And every few years or so, I go on a tear where I try to find her. I did that today, and I think I found her. She lives in New York City, which annoys me (that's MY city), and is a "lead technology recruiter" at "one of the fastest growing, privately-held business and technology firms in the United States" (barf). She must be earning a good salary, because she seems to have a not-often-updated Twitter account for work where she posted critically about how President Obama allegedly "doesn't think the wealthy are responsible for their own success." Of course a wealthy snob like her would write something like that.

BUT -- she does not seem to be married. Even on sites like WhitePages, which tells you other people who may be related to her, it's all females with her last name, and one male with her last name. I guess it's possible she did convince someone to marry her and made him change HIS name to hers. Or maybe she's a lesbian. Or perhaps she just never wanted to be in a relationship or get married. Nevertheless, I feel great schadenfreude at the possibility that even though she has a lucrative career, she may be very lonely. She certainly made me feel depressed and lonely at an extremely vulnerable time in my life.

Of course, the fact that I dwell on this every few years is not something I'm proud of. I'm certainly not hurting her...only myself. So I end up getting angry at myself for obsessing about this, and then I put it out of my mind for the next few years.

I'll tell you one thing, though. If something like that happened to me today, I'D be the one driving HER out of the room. I don't take sh*t like that anymore. It took me a while, but I did finally learn that I have to stand up for myself. We all do. Because if we don't, who will?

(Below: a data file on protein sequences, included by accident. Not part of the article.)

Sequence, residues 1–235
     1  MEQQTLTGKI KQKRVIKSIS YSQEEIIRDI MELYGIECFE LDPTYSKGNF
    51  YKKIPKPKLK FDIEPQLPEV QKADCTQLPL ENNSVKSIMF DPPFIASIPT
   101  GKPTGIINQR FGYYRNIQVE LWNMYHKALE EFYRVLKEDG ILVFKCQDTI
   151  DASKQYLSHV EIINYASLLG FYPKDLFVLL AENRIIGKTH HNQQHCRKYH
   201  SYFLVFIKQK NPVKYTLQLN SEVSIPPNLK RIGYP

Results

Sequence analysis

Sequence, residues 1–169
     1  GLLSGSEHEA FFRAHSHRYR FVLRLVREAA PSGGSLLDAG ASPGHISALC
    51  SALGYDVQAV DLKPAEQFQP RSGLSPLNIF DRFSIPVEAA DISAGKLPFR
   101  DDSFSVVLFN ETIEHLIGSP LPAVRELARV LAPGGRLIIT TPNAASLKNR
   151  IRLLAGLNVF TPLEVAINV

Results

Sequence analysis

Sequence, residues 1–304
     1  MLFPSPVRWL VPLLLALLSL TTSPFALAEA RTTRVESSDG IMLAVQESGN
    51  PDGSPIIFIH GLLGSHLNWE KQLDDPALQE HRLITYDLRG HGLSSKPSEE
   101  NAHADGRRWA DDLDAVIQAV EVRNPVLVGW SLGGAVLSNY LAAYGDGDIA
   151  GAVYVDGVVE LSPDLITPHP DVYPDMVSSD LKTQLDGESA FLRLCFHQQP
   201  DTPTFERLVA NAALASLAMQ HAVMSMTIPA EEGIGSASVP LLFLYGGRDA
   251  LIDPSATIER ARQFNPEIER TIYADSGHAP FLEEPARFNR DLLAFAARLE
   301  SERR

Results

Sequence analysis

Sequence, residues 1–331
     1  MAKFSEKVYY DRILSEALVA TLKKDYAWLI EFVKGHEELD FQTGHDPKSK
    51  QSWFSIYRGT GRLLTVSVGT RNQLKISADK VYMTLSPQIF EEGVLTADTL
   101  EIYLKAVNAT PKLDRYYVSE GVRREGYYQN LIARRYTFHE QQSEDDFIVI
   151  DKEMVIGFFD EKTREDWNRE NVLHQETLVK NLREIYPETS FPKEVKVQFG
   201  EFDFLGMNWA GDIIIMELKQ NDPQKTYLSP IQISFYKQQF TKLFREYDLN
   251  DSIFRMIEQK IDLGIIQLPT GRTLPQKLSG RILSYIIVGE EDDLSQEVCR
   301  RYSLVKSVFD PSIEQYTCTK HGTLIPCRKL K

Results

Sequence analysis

Saturday, March 9, 2013


Snow day yesterday! It actually started out as a delayed opening. When I got back up to start getting ready for school at 8:30, I thought, “It looks snowier out than it did two hours ago, and it’s still snowing -- I wish they’d just make it a full snow day.” Then I checked my phone and had a text that school was now closed for the day. They read my mind.  :)
Last night as the sun was setting I went out to clear off my car. It was 40 degrees outside, so I decided to go for a walk. I was never that good at building snowmen, but this was good packing snow, so I picked some up as I walked and made a snowball.  It was so smooth and cold, it felt like marble. I tossed it up and down in my hand like a tennis ball as I walked, thinking about playing in the snow as a kid. I thought about my dad, who died three years ago today. What was going on in the world then…it was a couple of months after the earthquake in Haiti, a month before the big BP oil spill. In some ways it feels longer ago; in other ways it doesn’t seem like it’s been three years ago. I read an article in a women’s magazine in the gym a few days ago about a woman who had a massive stroke at the age of 41. Amazingly, she survived and got better with only a few minor ill effects. But for months she had to move back in with her parents. I paused on the exercise bike, wondering uneasily what I would do if that happened to me? When we were little, on Valentine’s Day my sister and I would wake up to piles of gifts and Whitman’s chocolates covering the dining room table – from the “Valentine frog,” my parents always said with a wink. Santa and the Easter Bunny had us fooled for a long time, but we always knew the Valentine Frog was my dad. One time my sister spilled her entire box of Whitman’s all over the floor, and my dad drove to four different stores until he finally found one that had a box left for her.
Wherever he and Mom were, that was home.

Thursday, March 7, 2013

"What's his drag name?"

Today at my internship at the high school, I returned to my desk in time to hear one of the other interns and the practicum student, P., discussing Saturday night. “What are you doing Saturday night?” the administrative assistant, A., asked.
“Oh, my friend is performing in a drag show at this club in Albany,” P. said.
The other intern and I started laughing, but A.’s eyes lit up. “Oh, my daughter (who’s 26) LOVES drag shows!” she said. “I’ll tell her about it.”